39. 3 points
    Same. There are other ways to make the goals and motivation behind a villain's action come through. And part of the fear can come from not knowing too much about what the villain is capable of. I like what you said about blurring lines, and where the villain is not so much a monster that we can't at times feel sympathy for them, or even see how easy it would be for the protagonist to end up on the wrong side too with just a few different life-choices. :)
  40. 3 points
    Some additional plot structures to add to your toolbox: 'Plot Diamond'/Moral Premise - I found the idea of story as a debate between different values and ethics to be an interesting way to set it up. A four act mystery structure - discussed here and here. you could argue it's still 3 acts, but another way of thinking about it Save the Cat - gonna be honest this isn't my fave but it's worth knowing about and looking at how they break down films Jami Gold - romance-related but she has a ton of good beat-sheets using the 7 point structure, Nano-related excel spreadsheets, as well as some discussion of how to bring a character's internal conflict and weave it into the plot Dramatica - can't comment on whether it's worth paying for (i'm cheap and love libraries), but maybe interesting? Shakespeare's Five Act Structure - also discussed here and here if you can get past the ALLCAPS this is an interesting criticism (focuses more on scriptwriting) eta: how could I forget Chuck Wending? 1 2 3
  41. 3 points
    I find three-act structure useful to a point and then it's kindaโ€ฆ eh. It's like getting a map from A to B and you're on the road and you know where you are and then BAM, a thousand miles of desert with one solitary signpost. It's very good at describing what should happen at the start and what should happen at the end (for a given type of story*), but the middle is vague. "Increase the stakes! Raise the conflict!" Like, is it a soufflรฉ? Do I put it in the oven and wait to see whether it's collapsed or not? For me, when I'm trying to figure out what happens in the middle and where the hell we're going to stop for the night without being eaten by bears, I prefer to think of it as separate sections within Act II. Which I think is what they're getting at with the mention of mini-climaxes, try-fail cycles, and the twist. I'm still figuring out the best method for finding a path through Act II. It's less daunting to think of it as smaller sections than one giant block where Stuff Happens. (*on that note there's a lot of overlap with THE HERO'S JOURNEY and heroic narrative which is great and all but I also wonder about what we can learn from other types of story, mystery and tragedy and so on and whether that structure changes depending on the type of story being told, but that's a whole other discussion probably)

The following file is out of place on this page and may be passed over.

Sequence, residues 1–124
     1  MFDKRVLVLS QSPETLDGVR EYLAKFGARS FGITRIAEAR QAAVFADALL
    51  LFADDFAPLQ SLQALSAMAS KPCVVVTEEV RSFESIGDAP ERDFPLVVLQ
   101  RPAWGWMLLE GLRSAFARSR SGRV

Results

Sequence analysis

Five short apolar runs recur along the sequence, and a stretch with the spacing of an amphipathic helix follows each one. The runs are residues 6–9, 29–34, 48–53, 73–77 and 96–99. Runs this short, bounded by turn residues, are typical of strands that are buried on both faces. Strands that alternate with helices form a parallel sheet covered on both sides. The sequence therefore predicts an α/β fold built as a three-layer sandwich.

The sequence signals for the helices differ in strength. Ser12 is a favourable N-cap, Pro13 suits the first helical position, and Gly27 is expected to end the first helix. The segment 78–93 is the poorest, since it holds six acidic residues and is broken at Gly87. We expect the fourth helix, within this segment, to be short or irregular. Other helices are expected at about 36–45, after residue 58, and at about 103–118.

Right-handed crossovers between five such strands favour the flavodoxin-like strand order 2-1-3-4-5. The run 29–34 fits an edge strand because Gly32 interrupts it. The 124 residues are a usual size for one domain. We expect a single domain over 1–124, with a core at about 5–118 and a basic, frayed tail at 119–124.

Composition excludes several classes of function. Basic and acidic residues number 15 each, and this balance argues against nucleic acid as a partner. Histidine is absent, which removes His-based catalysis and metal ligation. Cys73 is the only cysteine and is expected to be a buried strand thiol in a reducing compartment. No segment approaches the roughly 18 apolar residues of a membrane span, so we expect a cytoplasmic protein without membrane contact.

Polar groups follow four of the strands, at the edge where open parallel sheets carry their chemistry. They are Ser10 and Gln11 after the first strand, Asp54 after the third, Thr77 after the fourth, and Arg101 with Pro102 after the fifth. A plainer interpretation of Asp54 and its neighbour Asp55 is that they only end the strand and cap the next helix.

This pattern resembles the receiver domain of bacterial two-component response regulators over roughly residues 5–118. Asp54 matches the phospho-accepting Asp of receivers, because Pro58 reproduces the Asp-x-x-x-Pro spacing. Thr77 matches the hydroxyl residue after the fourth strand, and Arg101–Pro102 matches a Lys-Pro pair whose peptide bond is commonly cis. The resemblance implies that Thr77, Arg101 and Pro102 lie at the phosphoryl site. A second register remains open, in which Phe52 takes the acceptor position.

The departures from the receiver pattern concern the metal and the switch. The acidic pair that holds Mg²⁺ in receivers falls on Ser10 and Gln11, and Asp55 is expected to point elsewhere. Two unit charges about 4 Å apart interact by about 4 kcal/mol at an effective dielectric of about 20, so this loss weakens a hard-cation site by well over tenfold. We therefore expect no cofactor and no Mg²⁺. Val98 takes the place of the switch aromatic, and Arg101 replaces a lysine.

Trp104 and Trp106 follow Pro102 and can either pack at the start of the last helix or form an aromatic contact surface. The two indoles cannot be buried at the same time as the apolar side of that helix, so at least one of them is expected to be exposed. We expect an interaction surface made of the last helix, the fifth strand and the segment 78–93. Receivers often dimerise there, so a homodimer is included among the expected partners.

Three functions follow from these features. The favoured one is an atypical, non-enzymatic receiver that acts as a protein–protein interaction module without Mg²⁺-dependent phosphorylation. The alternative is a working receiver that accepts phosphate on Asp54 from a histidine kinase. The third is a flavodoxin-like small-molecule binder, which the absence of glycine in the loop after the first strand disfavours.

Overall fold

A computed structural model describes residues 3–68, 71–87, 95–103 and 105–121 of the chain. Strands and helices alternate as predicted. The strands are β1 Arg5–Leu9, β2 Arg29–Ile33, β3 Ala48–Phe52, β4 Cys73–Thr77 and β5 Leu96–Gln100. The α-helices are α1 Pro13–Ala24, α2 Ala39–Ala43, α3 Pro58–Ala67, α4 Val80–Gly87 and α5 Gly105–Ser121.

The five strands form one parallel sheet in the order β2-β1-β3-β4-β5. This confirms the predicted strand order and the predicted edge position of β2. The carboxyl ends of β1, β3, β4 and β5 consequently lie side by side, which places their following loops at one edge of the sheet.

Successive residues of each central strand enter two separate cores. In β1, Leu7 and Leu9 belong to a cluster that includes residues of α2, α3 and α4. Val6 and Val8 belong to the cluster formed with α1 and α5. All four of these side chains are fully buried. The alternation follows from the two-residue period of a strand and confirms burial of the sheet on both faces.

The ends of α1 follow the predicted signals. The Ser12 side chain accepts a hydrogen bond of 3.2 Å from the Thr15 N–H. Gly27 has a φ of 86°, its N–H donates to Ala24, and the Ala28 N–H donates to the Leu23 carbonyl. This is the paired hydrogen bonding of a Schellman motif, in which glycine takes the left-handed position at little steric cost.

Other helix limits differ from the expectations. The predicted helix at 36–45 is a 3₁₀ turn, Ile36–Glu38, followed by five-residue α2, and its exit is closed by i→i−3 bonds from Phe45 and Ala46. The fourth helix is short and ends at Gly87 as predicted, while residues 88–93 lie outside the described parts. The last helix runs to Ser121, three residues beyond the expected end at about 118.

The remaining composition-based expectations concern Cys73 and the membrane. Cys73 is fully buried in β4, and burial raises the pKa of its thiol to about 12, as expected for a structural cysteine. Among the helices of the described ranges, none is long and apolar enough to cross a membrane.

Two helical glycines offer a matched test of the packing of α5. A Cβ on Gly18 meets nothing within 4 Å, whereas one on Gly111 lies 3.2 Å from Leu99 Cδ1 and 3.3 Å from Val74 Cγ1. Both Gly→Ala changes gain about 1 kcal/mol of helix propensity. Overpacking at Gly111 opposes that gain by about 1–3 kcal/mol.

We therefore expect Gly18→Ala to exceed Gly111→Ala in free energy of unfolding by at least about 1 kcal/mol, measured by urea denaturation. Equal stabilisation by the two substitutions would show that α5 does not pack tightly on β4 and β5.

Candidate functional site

42. 3 points
    BUT THOU MUST. do itttttt one of Disney's underrated gems, probably bc it's so different from their other stuff. worth watching if you enjoy The Road to El Dorado (which is the Dreamworks equivalent I guess (no central romance, frenemies-road-trip sorta dynamic, similar sense of humour, and MESOAMERICA.)
  43. 3 points
    Such a fun thread! All the selfcomplimenting is awesome! I think that my knack is special details, just a little fun, quirky, strange, odd extra that adds some spice to the character/setting/plot. A little thing to remember.
  44. 3 points
    Just some things that I've noticed can work: characters who are funny because they take themselves too seriously (the boss in The Office) juxtaposition/contrast and subversion of audience expectations (the killer rabbit in Monty Python and the Holy Grail. any kind of contrast. Kronk in Emperor's New Groove subverts the expectations for a henchperson - "My spinach puffs!") humour from a situation. "for want of a nail" - you take a basic scenario, and exaggerate til 11, then keep going! (eg. in Meet the Parents, Ben Stiller has to deal with increasing BS from his judgy in-laws - relatable to most people because they probably have some weird family members, but it's exaggerated to the extreme) humour from common experience (ie. the slug lady in Monsters Inc. is funny because most of us have had to deal with either embittered bureaucratic frontline staff AND/OR annoying overly-friendly customers who want a free pass) characters who cause their own demise (through stubbornness, or stupidity, or being a jerk - see the finale of Seinfeld where almost every single character they've ever wronged turns up for their trial to publicly shame them, because they were terrible people. or, by contrast, Bertie Wooster is continually dragged into his friend's schemes because he's dimwitted and also a pushover.)
  45. 3 points
    Moodboarding is one of my favorite novel-adjacent timewasters! Mine always tends to be character focused. If left unchecked, I`ll spend hours trying to find just the right picture to add. I use Pinterest for moodboards. Pros: Infinite scrolling! Cons: Remember, you're here forever. (Also, I've noticed Pinterest's inspo leans more YA.) Okay, I joke about how much of a timesink it can be, but it also helped me to get back a spark of enthusiasm about my WIP. I return to it when I want to remind myself of the core of my characters. My boards are set to private, meaning only myself and the shadow agent monitoring me can see them, but here's some examples: